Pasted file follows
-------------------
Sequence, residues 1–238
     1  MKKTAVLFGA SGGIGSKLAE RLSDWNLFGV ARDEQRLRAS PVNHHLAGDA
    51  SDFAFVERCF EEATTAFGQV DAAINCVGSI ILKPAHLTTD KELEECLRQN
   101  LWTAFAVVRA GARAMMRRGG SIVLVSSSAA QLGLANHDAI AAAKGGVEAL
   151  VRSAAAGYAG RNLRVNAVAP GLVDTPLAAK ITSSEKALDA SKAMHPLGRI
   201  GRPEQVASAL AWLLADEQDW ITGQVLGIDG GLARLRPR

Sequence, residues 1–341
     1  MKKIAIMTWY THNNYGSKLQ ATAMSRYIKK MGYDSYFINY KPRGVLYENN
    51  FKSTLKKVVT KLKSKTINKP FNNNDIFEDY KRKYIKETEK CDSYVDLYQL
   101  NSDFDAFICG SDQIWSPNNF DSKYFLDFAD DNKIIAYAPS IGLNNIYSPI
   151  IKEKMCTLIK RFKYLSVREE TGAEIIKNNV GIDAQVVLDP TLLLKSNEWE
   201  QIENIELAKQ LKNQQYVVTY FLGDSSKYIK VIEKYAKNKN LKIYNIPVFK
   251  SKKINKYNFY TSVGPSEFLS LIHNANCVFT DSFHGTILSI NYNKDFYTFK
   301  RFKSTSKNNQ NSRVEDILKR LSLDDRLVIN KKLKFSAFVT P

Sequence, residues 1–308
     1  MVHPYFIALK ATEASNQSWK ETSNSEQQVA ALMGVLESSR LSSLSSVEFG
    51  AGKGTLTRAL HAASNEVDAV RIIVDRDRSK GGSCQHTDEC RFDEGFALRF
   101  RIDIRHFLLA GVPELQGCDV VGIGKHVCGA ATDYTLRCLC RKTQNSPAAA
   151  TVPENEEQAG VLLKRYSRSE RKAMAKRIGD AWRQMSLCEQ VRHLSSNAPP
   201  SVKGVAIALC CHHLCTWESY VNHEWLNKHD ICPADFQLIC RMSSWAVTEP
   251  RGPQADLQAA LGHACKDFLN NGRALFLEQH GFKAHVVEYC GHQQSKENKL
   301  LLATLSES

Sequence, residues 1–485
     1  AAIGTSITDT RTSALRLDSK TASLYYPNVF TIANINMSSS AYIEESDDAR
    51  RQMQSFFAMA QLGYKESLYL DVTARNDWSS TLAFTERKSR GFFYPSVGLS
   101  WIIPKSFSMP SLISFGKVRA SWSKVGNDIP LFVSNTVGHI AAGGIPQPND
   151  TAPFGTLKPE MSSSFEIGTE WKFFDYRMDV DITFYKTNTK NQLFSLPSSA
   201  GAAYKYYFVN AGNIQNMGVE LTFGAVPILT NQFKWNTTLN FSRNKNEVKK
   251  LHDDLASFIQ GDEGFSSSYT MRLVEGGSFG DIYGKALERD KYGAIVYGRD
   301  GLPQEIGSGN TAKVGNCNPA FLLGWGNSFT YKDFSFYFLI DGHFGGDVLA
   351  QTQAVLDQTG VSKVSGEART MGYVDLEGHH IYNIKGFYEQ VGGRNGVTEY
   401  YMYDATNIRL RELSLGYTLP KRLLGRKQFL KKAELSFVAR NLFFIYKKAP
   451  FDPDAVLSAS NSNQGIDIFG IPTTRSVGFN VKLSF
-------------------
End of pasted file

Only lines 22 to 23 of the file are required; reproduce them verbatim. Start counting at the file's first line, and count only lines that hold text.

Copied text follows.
   301  LLATLSES

Sequence, residues 1–485